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I was listening to a discussion with David Benatar, and the point that Buddhism seems to be antinatalist was raised. It seems that people argue this both ways. Can Buddhism be said to be antinatalist? Or some strands but not others? If it is, what consequences does this have?

I have always kind of dismissed Benatar's ideas as being a kind of Larkin-esque pose, and making a mistake in hierarchy that puts pleasure above meaning, like utilitarians. But if the charge of antinatalism sticks, it seems I am going to have look more carefully at which of his points also apply to Buddhism.

  • Do you have a reference for the discussion with Benatar? – Frank Hubeny Jul 11 '18 at 14:39
  • Somehow I occasionally (no) turned up on wikipedia antinatalism page and it states that Hari Singh Gour said Buddhism was antinatalist. But since Buddha himself didn't say it (or if he did, no source has survived till the present), I would not call Buddhism antinatalist. – rus9384 Jul 11 '18 at 14:50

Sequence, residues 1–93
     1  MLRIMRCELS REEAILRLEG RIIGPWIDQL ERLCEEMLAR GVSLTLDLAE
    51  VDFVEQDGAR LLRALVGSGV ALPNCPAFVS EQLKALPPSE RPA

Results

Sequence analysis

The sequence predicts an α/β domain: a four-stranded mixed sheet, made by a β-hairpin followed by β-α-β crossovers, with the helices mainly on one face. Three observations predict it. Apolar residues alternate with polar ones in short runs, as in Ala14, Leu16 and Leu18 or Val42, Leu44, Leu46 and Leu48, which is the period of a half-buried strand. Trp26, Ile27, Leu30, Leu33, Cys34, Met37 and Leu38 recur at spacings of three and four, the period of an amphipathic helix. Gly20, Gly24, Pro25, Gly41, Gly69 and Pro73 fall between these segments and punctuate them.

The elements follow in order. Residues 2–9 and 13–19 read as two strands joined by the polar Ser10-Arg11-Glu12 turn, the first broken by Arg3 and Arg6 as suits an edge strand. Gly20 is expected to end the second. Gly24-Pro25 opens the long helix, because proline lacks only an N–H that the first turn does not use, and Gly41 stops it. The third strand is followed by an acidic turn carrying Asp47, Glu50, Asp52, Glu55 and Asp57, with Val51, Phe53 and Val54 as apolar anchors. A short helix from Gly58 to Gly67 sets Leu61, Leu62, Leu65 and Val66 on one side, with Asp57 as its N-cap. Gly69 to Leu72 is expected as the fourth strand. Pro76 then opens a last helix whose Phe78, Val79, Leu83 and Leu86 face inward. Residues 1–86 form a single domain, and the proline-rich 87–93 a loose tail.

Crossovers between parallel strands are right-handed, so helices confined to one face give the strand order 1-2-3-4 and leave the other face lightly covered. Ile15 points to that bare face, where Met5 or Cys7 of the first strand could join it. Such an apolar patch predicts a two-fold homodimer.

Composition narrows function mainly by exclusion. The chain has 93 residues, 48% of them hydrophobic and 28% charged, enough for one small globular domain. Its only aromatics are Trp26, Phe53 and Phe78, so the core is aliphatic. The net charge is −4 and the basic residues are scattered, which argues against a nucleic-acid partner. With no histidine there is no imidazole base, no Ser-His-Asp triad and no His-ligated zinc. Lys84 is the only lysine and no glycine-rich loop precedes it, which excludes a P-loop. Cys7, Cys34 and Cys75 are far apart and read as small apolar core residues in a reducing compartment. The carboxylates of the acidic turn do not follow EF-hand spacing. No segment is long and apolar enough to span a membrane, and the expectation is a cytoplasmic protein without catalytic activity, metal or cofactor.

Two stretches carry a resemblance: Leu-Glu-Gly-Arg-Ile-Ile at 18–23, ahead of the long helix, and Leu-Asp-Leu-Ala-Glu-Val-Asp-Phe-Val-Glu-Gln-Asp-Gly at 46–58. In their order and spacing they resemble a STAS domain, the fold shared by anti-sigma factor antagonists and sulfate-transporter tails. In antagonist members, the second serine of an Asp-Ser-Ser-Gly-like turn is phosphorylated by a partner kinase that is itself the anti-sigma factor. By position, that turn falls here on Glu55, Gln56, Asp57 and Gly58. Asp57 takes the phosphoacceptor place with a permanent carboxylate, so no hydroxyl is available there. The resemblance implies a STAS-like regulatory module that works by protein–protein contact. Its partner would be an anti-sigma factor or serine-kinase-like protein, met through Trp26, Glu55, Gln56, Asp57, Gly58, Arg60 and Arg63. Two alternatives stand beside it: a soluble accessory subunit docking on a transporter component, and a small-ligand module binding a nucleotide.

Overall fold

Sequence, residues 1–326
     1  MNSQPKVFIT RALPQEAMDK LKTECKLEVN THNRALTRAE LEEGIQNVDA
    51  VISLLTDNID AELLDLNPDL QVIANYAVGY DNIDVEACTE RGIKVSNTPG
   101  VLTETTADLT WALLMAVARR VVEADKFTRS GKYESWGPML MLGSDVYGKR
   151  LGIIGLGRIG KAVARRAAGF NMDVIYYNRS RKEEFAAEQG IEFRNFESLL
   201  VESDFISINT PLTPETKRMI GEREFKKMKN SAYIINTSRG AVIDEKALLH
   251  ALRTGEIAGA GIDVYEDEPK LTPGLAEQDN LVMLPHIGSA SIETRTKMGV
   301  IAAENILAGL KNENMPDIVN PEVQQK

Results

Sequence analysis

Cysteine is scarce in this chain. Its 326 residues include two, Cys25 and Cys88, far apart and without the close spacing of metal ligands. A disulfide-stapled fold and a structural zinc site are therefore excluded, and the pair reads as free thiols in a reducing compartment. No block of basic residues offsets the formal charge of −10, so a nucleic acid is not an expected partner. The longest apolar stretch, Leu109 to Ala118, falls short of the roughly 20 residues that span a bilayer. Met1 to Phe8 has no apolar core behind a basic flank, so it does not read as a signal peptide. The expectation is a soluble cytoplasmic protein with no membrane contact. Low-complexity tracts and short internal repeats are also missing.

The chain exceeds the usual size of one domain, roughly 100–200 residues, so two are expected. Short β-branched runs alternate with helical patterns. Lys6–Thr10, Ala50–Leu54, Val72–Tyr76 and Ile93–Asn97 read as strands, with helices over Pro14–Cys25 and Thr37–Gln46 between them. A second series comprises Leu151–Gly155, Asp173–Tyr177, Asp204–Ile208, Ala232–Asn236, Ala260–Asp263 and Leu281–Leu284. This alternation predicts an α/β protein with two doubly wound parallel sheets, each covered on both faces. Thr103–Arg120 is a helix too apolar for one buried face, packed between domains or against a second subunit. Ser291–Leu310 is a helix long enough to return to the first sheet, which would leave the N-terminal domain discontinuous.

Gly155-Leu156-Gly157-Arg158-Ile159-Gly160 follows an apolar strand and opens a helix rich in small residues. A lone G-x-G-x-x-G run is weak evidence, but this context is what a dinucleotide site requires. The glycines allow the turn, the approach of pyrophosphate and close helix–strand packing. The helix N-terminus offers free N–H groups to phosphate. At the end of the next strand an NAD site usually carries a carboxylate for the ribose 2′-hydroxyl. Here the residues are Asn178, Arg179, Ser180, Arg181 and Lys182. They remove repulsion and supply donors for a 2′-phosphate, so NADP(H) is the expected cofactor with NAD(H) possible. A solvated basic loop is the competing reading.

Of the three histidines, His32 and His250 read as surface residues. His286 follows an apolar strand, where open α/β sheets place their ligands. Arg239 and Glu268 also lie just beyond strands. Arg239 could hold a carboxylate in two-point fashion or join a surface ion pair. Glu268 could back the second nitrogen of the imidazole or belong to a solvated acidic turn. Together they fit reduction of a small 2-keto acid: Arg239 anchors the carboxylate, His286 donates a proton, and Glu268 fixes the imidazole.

• @rus9384 But surely if the natural conclusion of buddhist thought is antinatalist it may be said to be antinatalist even if it's not explicitly so? – JeffUK Jul 11 '18 at 14:56
  • What consequences? I guess it could be argued that antinatalism would stop the endless round of suffering by stopping new births. Tolstoy came out the same way I believe with his Christian Anarchy (I think this was what it was called). – Gordon Jul 11 '18 at 15:06
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    According to buddhist thought human beings are in the best position to achieve enlightenment, even when compared to deities. Ceasing birth of human beings would therefore cease the birth of beings capable of achieving enlightenment. Antinatalism wouldn't stop the endless cycle of suffering but would rather make enlightenment impossible. – transitionsynthesis Jul 12 '18 at 6:23

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